Depending on the details of the tapering, we first remove the entire original topstitching in order to sew a new unbroken/unjoined line. It doesn’t matter if the taper is to the knee, above the knee, or high into the thigh.
We taper jeans high into the thighs only when we get requests to make the thigh smaller. We always advise, that very little can be done at the thigh. Explaining, that the width of the thigh is in connection to the pattern’s shape. The seat, rise, and curve in the crotch (which affects movement) are all connected. Decreasing the thigh means the curve must be shortened and straightened, which will restrict movement. Taking from the curve also lowers the rise.
In other words, the best we suggest is easing the taper from the knee, high into the thigh, clipping a bit of the curve, thus reducing the thigh to a maximum close to 1/2 inch. We don’t feel comfortable taking much more.
Looking closely, the original overlock stitching can be seen in white thread and the new sewing in tan color. These jeans were tapered high, so we went completely around the crotch.
As demonstrated in the TikTok video below, one of the biggest things that separate our work from tailors and denim specialists is our use of the Union Special feed-of-the-arm chain stitch machine. On single-needle overlock constructed jeans, it allows us to completely topstitch the inseam from hem to hem without opening the outseams.
The Union Special is advantageous with selvedge jeans because you don’t want to disturb the outseams. Tailors who have to rely on tapering at the outseams will destroy the beauty of the selvedge jeans. The photo below is an example of what can happen when you give your jeans to a local tailor who doesn’t specialize in or understand denim. Luckily, he later did some research, found us and we saved his jeans.
We recently added an option for special request alterations that fall outside of our regular services. For example, shortening the inseam on these vintage Levi’s Engineered Jeans is far more time-consuming than chain stitch hemming. After all, you would not want to lose the sloped hem shape that uniquely identifies these by cutting them straight like regular jeans. This calls for more than our trouser or chain stitch hemming services.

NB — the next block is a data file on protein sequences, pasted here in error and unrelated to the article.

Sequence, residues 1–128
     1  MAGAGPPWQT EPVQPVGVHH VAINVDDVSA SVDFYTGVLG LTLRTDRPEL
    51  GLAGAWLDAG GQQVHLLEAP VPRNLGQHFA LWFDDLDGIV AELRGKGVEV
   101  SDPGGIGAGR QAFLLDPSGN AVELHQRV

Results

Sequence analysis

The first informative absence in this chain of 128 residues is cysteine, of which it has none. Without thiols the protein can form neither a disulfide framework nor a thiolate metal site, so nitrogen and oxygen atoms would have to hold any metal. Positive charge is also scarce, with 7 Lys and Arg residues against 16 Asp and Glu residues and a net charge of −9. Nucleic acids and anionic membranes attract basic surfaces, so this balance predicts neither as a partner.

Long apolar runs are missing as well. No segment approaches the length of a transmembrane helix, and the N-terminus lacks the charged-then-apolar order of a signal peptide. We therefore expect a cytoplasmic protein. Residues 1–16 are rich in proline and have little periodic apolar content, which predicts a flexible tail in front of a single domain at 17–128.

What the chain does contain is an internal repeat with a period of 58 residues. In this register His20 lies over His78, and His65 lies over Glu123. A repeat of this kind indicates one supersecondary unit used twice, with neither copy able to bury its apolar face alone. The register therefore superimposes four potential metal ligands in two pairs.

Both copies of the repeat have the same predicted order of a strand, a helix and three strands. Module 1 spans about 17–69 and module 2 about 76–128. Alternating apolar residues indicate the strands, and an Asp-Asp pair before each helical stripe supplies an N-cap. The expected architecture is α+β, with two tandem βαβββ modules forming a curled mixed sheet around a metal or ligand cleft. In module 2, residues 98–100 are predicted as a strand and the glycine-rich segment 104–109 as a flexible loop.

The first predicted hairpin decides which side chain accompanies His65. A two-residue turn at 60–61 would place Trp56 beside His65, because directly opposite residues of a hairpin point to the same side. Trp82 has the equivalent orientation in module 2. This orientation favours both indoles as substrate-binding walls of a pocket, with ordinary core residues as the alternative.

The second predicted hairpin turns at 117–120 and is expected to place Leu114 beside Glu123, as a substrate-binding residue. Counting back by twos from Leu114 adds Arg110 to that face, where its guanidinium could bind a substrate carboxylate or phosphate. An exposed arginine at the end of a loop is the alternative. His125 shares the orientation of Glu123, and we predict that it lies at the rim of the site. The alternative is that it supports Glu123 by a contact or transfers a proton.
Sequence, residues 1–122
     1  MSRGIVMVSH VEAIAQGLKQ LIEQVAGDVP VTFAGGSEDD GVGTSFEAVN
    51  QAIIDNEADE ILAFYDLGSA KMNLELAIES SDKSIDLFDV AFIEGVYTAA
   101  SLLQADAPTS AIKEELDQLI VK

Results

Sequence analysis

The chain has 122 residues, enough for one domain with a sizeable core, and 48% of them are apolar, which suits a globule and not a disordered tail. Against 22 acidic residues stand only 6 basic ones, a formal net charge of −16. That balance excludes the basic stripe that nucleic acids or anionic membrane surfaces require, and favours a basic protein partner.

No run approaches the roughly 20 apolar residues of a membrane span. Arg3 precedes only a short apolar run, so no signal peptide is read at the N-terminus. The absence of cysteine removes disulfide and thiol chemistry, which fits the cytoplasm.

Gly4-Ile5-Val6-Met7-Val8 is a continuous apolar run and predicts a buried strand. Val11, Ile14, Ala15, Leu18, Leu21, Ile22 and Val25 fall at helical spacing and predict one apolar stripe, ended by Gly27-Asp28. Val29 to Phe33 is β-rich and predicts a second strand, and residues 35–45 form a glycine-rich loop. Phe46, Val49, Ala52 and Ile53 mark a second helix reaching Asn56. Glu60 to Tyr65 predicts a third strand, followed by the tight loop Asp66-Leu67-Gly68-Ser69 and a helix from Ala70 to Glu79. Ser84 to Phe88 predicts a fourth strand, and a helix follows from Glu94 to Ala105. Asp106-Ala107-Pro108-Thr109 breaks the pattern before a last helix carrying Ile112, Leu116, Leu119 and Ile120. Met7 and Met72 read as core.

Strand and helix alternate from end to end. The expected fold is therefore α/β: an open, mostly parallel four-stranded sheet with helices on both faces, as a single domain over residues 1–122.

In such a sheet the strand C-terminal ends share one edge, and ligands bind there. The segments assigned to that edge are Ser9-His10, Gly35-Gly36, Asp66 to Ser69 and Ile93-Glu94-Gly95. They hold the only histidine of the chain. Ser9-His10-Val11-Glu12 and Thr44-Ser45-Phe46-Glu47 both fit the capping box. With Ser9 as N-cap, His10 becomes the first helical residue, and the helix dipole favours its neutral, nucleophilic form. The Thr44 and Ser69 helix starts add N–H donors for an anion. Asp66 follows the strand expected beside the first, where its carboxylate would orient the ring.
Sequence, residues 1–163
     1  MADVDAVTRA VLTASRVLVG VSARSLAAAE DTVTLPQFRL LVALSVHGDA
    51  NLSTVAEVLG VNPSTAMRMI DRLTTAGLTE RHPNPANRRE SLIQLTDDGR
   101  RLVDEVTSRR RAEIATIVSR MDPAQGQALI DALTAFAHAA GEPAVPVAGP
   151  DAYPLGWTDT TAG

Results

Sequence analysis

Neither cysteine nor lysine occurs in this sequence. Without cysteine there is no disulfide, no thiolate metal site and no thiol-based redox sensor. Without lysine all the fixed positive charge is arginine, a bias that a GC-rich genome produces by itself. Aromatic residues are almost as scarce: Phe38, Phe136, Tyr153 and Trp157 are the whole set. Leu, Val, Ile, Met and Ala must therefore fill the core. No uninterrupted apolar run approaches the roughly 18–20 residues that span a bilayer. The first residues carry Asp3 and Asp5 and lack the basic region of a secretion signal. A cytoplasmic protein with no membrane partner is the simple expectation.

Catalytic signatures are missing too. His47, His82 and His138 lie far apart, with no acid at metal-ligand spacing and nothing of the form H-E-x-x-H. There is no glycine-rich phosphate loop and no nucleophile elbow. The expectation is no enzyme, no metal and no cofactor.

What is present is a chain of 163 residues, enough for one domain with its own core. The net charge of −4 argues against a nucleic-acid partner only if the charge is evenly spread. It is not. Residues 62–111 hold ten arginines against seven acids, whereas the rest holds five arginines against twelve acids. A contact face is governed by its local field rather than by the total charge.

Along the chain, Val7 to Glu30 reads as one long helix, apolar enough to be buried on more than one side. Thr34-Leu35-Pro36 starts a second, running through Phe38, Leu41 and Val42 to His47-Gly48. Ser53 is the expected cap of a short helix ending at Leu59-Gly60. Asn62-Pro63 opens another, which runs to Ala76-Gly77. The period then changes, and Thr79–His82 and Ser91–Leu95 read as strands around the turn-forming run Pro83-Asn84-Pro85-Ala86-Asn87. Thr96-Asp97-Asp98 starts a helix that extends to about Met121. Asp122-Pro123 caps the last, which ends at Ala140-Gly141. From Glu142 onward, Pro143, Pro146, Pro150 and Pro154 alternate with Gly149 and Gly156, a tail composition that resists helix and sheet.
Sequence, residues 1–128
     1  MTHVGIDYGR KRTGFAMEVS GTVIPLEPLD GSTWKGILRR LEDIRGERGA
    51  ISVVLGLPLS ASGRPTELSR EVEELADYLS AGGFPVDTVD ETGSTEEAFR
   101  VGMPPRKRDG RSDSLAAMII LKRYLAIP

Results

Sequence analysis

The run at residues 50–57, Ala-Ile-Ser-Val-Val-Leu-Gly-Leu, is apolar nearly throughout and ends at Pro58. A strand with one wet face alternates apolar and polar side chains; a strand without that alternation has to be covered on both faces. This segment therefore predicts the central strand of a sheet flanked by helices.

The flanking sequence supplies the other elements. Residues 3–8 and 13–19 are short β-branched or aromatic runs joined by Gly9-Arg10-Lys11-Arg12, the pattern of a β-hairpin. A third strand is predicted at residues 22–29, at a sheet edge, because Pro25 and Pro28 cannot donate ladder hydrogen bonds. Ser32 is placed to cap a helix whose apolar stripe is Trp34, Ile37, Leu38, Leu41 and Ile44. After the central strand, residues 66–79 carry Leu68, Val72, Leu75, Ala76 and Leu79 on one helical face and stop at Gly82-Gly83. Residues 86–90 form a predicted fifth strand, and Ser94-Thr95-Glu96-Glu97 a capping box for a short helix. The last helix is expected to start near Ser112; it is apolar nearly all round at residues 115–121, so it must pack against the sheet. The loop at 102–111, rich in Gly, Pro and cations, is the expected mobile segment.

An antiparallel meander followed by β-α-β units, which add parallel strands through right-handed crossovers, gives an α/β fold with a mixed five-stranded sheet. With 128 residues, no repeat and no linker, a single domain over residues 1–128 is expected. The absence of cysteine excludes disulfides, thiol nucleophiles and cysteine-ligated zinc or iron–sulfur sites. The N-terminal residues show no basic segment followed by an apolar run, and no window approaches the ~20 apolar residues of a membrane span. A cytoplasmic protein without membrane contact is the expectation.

For this style, we first record the size and shape of the original hem by creating a pattern to recut the newly positioned leg opening. After, we remove the inside panel at the hem stitch by stitch to keep it intact.
These jeans have a twisted leg, so measuring the inseam can be tricky. On jeans with a leg twist, you can’t just follow the inseam line down with the measuring tape. Instead, you must follow the shape of the leg down without turning under the seam. Following the inseam line on a twisted leg will ultimately mean that leg will be slightly shorter.
Finally, after the jeans are cut-down, the original inside hem panels are sewn back into the leg opening. Finished, the jeans keep the look of the original factory sewing and stitching while being customized to a concise length.
We are just getting started on TikTok creating cool, fun, and informative new videos. Take a look at this one which quickly takes you through the process of how to taper jeans to narrow the leg width on a pair of Samurai selvedge denim constructed with overlock sewing and a single-needle inseam.
Follow us on TikTok and Instagram @williamsburggar so you don’t miss new upcoming videos.
We take a quick and humorous look at the alterations process of hemming a t-shirt. Those looking to shorten the length of a tee or lightweight knit shirt that’s too long, or simply trying to restyle the look, should have a peek at this new tutorial video “how to hem a t-shirt.”